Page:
Budget your hobbies

A while back, I wrote about carving out time for amateur radio. Well, I just ran into another article along those lines titled,”A Geek’s Guide to Budgeting Hobbies.” The difference is that this article talks about budgeting funds as well as budgeting time. The following are the bits of advice that I found the most interesting or useful:

  • Budget at least 15 minutes per day for each hobby.
  • Take a day or two of your vacation time every year to work on a hobby.
  • Learn a new skill every year. For example, I have decided that, in 2012, I’m going to learn how to do antenna modeling.
  • Don’t overspend right off the bat. The example they use is photography, noting that buying a $5,000 DSLR camera isn’t going to make a newbie a great photographer. Same goes for amateur radio. Buying a $5,000 K3 right after you get your Tech ticket isn’t going to automatically make you a great ham.


  1. Very true about the overspending. In fact, there’s an argument to be made (a very valid one IMO) that limited spending causes you to develop your skills and make maximum use of your creativity.


  2. Dave New says:

    K3’s don’t cost $5000, at least not at first. 8-) I’m not even so sure you can hit that mark with a fully-tricked out K3. Maybe if you add the P3 panoramic display with the SVGA adapter — maybe.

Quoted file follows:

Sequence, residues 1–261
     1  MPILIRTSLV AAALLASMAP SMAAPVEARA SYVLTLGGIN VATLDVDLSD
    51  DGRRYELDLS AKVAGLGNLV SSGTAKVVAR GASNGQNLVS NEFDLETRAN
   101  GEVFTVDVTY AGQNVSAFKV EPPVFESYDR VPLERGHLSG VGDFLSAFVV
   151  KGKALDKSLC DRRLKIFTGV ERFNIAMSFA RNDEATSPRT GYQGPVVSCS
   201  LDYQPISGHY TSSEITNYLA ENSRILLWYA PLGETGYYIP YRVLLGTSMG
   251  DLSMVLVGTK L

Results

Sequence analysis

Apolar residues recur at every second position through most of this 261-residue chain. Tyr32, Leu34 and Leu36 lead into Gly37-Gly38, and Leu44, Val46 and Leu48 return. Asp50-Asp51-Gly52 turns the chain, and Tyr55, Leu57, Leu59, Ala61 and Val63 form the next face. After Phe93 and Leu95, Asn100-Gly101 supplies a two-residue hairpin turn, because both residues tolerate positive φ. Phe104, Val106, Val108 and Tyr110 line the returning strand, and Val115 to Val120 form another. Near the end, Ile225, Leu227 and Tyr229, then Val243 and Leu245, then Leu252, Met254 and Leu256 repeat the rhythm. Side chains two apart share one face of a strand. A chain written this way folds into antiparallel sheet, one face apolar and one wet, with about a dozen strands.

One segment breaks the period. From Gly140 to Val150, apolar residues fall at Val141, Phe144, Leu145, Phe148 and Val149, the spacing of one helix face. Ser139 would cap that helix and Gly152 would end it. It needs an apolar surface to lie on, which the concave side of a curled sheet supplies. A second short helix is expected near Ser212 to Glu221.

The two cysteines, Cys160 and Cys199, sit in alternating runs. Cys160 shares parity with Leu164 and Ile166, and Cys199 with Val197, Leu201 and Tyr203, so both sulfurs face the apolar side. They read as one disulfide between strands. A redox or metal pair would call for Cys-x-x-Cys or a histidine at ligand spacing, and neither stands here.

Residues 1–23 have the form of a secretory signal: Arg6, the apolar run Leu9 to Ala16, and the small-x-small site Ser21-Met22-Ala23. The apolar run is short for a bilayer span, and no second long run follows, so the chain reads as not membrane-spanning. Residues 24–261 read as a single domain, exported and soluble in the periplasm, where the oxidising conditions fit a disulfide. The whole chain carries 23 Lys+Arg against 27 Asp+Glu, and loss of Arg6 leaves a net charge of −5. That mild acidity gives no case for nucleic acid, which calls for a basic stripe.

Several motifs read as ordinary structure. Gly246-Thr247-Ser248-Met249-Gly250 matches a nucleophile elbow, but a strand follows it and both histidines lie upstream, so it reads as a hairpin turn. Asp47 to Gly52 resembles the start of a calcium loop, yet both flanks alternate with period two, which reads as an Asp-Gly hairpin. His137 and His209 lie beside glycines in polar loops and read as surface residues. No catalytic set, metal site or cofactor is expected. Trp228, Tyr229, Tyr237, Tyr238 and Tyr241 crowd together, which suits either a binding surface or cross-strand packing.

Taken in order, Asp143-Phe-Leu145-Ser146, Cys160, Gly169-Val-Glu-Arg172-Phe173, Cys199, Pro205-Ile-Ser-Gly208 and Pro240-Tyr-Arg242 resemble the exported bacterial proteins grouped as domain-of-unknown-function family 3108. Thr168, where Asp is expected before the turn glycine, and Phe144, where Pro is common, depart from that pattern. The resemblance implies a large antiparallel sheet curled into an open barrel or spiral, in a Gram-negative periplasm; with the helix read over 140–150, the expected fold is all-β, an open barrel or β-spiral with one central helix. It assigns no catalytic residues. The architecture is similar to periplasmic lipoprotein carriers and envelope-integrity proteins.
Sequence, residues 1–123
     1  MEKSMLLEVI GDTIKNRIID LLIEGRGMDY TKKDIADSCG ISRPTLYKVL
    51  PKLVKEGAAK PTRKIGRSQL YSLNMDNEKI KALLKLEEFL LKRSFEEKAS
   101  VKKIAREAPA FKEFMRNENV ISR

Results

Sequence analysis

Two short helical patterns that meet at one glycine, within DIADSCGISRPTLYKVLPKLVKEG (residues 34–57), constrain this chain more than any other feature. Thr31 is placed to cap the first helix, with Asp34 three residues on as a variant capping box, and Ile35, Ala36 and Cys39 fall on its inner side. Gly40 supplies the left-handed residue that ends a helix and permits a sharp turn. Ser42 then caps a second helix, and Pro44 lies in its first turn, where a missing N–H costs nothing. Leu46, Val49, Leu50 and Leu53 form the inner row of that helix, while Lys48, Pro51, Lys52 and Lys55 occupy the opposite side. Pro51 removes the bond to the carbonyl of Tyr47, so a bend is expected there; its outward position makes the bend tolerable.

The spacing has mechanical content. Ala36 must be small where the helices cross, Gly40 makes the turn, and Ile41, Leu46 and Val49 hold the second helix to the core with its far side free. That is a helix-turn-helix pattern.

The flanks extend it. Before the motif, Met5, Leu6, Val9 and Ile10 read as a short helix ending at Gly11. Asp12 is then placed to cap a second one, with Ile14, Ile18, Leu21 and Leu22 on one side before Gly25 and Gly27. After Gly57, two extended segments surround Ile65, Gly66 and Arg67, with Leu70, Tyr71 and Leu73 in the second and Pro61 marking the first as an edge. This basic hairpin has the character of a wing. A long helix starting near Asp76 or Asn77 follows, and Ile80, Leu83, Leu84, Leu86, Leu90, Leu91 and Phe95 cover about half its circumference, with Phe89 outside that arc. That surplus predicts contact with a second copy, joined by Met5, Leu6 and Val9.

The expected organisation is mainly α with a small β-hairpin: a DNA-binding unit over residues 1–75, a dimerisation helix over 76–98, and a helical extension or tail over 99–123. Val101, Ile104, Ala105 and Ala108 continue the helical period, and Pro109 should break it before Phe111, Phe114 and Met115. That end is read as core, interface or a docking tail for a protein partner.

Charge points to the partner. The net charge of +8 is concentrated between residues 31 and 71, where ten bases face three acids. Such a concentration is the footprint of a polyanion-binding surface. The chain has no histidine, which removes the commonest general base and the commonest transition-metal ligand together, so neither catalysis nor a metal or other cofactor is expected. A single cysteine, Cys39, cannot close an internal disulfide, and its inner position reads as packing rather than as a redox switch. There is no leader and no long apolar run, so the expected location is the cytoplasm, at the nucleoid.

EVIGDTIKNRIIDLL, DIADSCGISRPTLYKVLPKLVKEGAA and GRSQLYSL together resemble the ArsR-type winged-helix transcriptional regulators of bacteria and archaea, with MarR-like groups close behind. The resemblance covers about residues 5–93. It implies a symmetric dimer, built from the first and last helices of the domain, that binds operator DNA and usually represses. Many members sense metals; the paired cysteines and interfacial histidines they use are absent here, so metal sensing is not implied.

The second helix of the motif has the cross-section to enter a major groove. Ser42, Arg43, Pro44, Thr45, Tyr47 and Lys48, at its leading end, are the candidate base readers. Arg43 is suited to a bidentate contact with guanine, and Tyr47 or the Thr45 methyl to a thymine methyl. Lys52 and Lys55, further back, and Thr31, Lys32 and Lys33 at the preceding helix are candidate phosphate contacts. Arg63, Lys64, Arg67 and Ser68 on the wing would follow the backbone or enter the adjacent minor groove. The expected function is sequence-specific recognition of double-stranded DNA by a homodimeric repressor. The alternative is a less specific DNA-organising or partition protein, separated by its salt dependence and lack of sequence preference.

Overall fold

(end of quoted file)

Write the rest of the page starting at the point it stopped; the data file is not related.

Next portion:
A really nice K3 can be had in a no-solder kit for $999. That gets you 10 watts output (which might be an issue for a beginner that isn’t ready yet to try out QRP), and a 2.7 kHz crystal roofing filter. A 100 watt kit will cost you another $500, for a total of $1499.

    The nice thing about the K3 is its modularity, in that you can add options as your interests (and budget) allows.

    The nice thing about starting with a basic K3 is that you won’t have to sell it for a big loss, when you are ready to move up, unlike every other single rig on the market. And the basic $999 model still gets you essentially the best bang for the buck receiver on the planet.

    I have no affiliation with Elecraft (the folks that make the K3), but I’m a very satisfied customer.


    — Dave, N8SBE

  3. Dan KB6NU says:

    I haven’t run the numbers, but I guessed that a fully-equipped K3 would hit at least $5,000. That included a panadapter, second receiver, etc. Other than that, I agree with you totally about the K3. Once I save up enough bucks, I’m planning to buy one.

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